Hawgsmoke 2016

Hawgsmoke 2016     

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hawgsmoke 2016

 Hawgsmoke 2016 took place June 1 through June 4. Hawgsmoke occurs biennially as a premiere worldwide competition of A-10 pilots and their supports crews. The 4 day event includes A-10 bombing, missile, and tactical gunnery competitions. The tradition is for winners of the previous competition to host the next Hawgsmoke. The winners in 2014 were the 47th Fighter Squadron, “Termites” which are the hosts at this years event in Tucson, AZ. This was the 8th competition and third straight year it’s been held at Davis-Monthan Air Force Base.

Each Hawgsmoke competition opens with the remembrance ceremony for fallen comrades. The names of every A-10 pilot that’s died, whether it’s from combat losses, training accidents or old age are read aloud. The last A-10 shot down in combat was in 2003, but each year more names are added to the list. In 2016, four more names were called in a roll call. After the last name is read a missing man formation flies overhead. Four A-10s fly over the ceremony, but one pulls away from the group leaving a hole in the middle of the formation.

At the conclusion of the ceremony, participants down a shot of whiskey and smash the shot glasses in honor and remembrance of their fallen comrades.  The competition’s four primary trophies are named for former pilots.

Hawgsmoke held its first competition in 2000 at the Alpena Combat Readiness Training Center in Alpena Michigan. The 172nd Fighter Squadron from Battle Creek MI hosted the event. Col. Cliff Latta from the 172nd FS is credited with Hawgsmoke’s initiation. Hawgsmoke’s heritage can be traced back to the now discontinued “Gunsmoke” competition. Gunsmoke which was last held 1995 was the USAF’s air-to-ground gunnery and bombing competition which included F-15s, B-1s, B-52s and F-111s, F-16s was held at Nellis AFB. Since the year 2000 Hawgsmoke has been held every other year except for 2004 when bad weather lead to its cancellation which is now known as “Hawgwash.”

This year the event featured 13 teams flying 48 A-10s from across the Air Force. They met at Davis-Monthan Air Force Base, Arizona, June 2-4 to take part in this year’s Hawgsmoke training and competition.

The 47th Fighter Squadron out of Davis-Monthan (which won in 2014) were defending their crown this year. The event brought together Active Duty, Air National Guard and Reserve members from Georgia, Arizona, Michigan, Missouri, Indiana, Maryland, and from Osan Air Base, South Korea.

Hawgsmoke competition takes place over two days. It includes team and individual scoring of strafing, high-altitude dive-bombing, 30-degree dive-bombing, low-angle high-delivery, Maverick missile precision, and team tactics.


Lt. Col. Brett Waring, the man overseeing the competition and an A-10 pilot himself said that the focus this year was on precision engagement and the ability for a four-ship of A-10s to mass fire in a short amount of time. The competition also focused on conventional weapons delivery to see which team was the most accurate. “That’s going to be your high-altitude dive bombs, low-altitude delivery, long-range and low-angle strafe,” Waring said. “That’s pretty common for Hawgsmoke because it’s the bread and butter of your A-10 tactical events.”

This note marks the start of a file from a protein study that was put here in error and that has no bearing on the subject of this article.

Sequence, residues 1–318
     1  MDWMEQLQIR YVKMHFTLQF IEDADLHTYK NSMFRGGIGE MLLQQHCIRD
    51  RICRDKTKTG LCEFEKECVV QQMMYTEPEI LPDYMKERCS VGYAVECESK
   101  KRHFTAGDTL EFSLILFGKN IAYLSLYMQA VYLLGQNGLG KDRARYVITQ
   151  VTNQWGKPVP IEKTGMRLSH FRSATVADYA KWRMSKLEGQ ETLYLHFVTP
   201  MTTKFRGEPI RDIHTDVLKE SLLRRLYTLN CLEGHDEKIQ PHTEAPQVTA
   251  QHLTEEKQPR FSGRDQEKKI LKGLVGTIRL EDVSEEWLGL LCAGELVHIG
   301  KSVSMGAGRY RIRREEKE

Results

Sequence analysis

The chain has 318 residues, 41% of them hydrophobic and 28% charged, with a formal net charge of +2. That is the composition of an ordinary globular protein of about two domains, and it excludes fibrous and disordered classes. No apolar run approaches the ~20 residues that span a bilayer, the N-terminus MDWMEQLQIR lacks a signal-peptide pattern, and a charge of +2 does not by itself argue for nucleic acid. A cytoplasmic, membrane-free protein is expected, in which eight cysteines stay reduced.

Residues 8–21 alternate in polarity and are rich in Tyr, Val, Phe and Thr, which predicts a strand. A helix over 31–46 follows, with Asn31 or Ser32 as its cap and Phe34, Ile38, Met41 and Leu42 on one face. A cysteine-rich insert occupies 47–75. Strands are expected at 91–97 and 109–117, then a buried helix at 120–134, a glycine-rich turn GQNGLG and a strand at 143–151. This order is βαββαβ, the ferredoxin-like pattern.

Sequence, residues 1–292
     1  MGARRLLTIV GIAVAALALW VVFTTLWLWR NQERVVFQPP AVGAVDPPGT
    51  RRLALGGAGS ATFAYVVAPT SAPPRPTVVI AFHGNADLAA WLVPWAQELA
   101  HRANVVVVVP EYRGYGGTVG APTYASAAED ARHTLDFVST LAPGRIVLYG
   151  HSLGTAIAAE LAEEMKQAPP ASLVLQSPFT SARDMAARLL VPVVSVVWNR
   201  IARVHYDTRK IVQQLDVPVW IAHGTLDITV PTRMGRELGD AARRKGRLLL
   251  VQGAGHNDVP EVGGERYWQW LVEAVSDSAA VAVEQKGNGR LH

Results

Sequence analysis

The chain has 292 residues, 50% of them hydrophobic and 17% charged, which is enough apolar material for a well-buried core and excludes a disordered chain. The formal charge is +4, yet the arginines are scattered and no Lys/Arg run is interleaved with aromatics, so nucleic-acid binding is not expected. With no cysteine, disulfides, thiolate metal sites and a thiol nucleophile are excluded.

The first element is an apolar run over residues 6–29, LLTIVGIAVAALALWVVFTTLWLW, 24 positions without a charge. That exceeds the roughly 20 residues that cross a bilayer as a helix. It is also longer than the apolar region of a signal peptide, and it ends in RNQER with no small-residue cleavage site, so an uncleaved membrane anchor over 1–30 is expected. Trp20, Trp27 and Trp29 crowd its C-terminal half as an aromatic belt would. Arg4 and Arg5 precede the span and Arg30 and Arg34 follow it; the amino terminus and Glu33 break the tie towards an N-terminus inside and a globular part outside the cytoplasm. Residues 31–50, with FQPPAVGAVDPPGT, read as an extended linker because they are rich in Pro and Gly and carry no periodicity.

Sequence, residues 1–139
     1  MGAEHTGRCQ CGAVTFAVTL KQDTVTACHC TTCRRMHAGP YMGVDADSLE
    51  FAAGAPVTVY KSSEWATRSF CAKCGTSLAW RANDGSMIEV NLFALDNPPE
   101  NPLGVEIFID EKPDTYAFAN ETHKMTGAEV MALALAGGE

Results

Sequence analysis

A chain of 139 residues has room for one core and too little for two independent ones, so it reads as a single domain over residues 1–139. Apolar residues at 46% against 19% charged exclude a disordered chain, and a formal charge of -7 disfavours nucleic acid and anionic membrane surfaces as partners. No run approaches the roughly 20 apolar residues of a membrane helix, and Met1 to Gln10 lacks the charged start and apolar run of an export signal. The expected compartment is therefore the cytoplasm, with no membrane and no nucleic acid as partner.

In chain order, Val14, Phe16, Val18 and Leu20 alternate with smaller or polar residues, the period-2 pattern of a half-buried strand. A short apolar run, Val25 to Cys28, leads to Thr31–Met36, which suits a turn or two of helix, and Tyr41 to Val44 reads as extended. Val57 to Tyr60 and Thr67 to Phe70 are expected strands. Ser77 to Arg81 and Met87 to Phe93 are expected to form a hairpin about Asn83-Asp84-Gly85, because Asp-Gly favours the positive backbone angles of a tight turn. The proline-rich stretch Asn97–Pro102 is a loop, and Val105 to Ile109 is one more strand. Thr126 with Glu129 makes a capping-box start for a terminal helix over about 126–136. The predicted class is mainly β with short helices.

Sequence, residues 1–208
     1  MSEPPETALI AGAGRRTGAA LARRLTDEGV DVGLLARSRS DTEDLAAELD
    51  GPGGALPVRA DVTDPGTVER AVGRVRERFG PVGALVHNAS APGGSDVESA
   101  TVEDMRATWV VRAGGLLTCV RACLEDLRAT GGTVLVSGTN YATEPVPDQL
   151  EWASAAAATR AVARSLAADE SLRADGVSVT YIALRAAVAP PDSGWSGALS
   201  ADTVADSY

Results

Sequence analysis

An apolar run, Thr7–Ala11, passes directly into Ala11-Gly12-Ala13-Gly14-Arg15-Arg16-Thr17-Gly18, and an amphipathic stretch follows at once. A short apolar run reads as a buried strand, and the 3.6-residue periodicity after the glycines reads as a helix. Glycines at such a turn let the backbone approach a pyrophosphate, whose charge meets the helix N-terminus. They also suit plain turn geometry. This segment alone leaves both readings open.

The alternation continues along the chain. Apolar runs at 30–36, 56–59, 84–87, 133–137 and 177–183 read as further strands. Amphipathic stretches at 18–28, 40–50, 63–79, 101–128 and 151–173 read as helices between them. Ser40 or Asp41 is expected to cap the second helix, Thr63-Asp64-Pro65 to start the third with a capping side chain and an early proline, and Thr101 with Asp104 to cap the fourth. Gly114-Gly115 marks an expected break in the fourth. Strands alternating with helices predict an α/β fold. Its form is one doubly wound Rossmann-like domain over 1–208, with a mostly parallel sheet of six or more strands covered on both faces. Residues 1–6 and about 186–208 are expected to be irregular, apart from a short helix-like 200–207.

“One of the formations was led by a Desert Storm veteran, and some of the formations had some lieutenants in it,” Waring said. “To see all of that come together and execute together was very, very impressive.”

“The A-10s are actively engaged in operations around the world right now, and this is really an opportunity for the best A-10 pilots in the Air Force to get together and share those best practices,” he said.

Part of the competition this year involved seeing how many of the 60 targets the A-10 teams could hit in 10 minutes. Some targets were precise coordinates while some were just areas where vehicles were. It was up to the teams to pick their own strategies. They each chose their weapons and their tactics.

Hawgsmoke isn’t just about the competition. It’s also about camaraderie.

“While we pay a lot of homage to the warhorse we fly, the critical piece of that is the A-10 pilots and the focus and the dedication they bring to the mission. They’re going to go out and they’re going to do it with the most advanced weapons we have and the simplest tactics forged over 40 years.”

The A-10 has been actively flying with the Air Force since 1975. For most of the airman, the Warthog is older than they are!

The Warthog might be near the end of its service life. Air Force leadership have continually made attempts to retire the aircraft, saying its close-air support role can be performed by newer aircraft like the F-35 Lightning II.

However, Waring said that discussions about the lifespan of the A-10 won’t have an effect on the Hawgsmoke pilots. They will continue to do their best until the Air Force orders them to stop flying.

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The 47th Fighter Squadron has retained their crown as the winners of this year’s Hawgsmoke competition. It was the second consecutive win for the squadron. Capt. David “Gnome” Knighton, was named overall “Top Gun” . This is the first time since the competition started that the flight lead of the winning team is also the best overall pilot in the competition!

Previous competition winners are as follows:

Let’s hope we are privileged to see the A-10 compete again in 2018! A special thank you to the men and women of the Public Affairs Office for their assistance.

Articles and Pictures By Ed Rivera

Hawgsmoke Gunnery and Aerial shots
Hawgsmoke Hot ramp Shots



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